Harpham
Harpham
Harpham village is set in lovely countryside between Driffield and Bridlington. This small, peaceful location has a rich history. In a field beside the church (just behind the tennis courts) a few bumps and hollows in a farm field shows the location of a medieval manor built by the St Quintin family.
The Harpham Wells
There are not one, but two famous wells in Harpham. In the field by the manor site is Drummer Boy Well, an artesian well rising from a circular stone well shaft about 4 feet in diameter. The name of the well commemorates the unfortunate death of a drummer boy. There are two legends telling how the unfortunate boy met his end; one condemns the St Quintin lord of the manor, the other is more 'St Quintin friendly'.

The Drummer Boy Story
According to the first story, William the Conqueror promised to grant the manor of Harpham to whoever reached it first. The quickest to arrive was a drummer boy, but close behind was a St Quintin, who, anxious to claim the land for himself, threw the boy down the well, where he died by drowning. Since that time a sound of drumming can be heard emerging from the well whenever the head of the St Quintin family is about to die.

A second, kinder version of the story tells that the St Quintin lord of Harpham manor was watching an archery tournament in the field when he accidentally jostled a drummer boy, who lost his balance, fell into the well, and was drowned. Though it was clearly an accident, the spirit of the little boy returns to beat his drum at the approaching death of a St Quintin family member.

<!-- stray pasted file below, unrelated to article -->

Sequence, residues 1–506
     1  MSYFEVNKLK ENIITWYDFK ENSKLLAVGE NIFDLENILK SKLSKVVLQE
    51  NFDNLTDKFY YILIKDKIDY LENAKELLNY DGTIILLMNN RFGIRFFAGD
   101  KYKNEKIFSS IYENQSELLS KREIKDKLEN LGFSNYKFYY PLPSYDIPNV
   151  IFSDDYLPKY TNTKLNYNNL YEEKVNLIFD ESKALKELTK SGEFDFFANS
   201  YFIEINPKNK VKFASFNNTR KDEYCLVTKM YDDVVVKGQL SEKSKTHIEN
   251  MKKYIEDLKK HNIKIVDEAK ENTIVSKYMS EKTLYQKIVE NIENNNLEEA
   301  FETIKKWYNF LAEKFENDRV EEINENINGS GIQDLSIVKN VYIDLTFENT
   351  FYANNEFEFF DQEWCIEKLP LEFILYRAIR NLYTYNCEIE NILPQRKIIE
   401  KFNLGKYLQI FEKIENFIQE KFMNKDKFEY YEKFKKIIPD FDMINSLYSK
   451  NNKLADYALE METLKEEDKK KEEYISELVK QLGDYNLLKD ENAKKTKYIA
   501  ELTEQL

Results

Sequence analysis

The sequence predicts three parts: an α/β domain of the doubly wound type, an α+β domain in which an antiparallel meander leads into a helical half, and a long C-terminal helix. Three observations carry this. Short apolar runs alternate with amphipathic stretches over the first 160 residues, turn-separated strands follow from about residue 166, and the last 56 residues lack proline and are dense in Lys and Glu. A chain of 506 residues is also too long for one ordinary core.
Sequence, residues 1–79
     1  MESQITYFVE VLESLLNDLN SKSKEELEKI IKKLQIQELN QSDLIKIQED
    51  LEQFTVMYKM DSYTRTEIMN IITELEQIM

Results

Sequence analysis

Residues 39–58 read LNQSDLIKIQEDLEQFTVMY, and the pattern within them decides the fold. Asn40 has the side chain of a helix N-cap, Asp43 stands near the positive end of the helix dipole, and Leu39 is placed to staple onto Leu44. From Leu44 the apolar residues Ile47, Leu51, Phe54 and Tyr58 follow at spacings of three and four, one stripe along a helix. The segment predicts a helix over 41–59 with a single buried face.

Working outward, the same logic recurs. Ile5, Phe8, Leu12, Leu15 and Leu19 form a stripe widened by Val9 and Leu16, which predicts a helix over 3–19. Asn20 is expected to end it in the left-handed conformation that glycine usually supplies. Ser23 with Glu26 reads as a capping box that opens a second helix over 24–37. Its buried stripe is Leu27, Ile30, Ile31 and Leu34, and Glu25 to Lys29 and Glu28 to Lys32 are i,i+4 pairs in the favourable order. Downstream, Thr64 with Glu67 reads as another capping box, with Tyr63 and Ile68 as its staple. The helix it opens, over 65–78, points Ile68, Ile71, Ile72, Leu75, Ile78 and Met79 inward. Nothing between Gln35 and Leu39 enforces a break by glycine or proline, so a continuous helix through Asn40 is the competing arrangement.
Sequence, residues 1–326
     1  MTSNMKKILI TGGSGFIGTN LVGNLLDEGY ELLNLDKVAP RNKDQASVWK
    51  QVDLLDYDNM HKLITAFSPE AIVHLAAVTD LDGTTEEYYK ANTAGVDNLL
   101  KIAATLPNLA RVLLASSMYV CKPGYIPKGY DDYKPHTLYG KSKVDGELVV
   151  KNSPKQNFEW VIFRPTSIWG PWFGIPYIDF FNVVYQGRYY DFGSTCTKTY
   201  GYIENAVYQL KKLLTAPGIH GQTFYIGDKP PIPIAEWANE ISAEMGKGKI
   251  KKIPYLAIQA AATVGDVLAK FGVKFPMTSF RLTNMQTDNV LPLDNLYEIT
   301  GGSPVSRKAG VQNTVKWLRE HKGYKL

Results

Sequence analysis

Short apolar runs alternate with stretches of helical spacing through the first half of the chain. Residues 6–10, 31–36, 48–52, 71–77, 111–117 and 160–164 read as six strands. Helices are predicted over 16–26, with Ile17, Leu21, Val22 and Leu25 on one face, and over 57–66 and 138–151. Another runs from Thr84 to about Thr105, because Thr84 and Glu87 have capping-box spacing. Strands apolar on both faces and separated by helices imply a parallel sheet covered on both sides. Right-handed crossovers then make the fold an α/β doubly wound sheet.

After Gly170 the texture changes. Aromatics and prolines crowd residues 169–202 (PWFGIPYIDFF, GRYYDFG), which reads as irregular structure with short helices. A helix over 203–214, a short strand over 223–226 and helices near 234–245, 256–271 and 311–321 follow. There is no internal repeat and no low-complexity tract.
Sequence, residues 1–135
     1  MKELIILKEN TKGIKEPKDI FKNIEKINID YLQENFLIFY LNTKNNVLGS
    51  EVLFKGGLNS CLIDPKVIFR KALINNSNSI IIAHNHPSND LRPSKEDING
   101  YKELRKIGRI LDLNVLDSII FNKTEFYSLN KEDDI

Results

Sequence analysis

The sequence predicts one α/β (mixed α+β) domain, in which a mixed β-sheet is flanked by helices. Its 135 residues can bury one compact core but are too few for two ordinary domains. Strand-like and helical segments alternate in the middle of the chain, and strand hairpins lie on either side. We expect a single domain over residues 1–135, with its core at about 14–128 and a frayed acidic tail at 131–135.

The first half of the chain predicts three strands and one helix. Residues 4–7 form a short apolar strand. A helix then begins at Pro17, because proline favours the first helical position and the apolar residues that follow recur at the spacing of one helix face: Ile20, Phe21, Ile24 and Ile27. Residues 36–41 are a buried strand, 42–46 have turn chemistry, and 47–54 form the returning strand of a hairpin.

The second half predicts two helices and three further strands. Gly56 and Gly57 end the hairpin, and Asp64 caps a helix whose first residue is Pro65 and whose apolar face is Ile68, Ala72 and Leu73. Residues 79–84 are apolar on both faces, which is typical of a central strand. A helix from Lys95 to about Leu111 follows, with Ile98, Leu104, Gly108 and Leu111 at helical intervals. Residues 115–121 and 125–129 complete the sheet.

Which tale is true? We'll never know, so you can take your pick.

St John's Well
A second historic well is at the western edge of the village at the end of a farm road. Immediately beside the road, shaded by a willow and protected by iron railings, is a well associated with St John of Beverley, who was born in Harpham in 640 AD. The well is said to have magically sprung forth from the ground when the saint struck the ground with his staff. Local tradition says that the well water is useful for curing headaches and eye issues, overcoming fertility, and helping calm animals. If you want to try the cure you're out of luck, for the water is inaccessible due to the railings.

The parish church of Harpham is well worth a look; it was built by Sir William St Quintin in the 14th century and contains some very fine memorials to members of the family, including an excellent pair of medieval brasses (hidden under floor mats in the north chapel).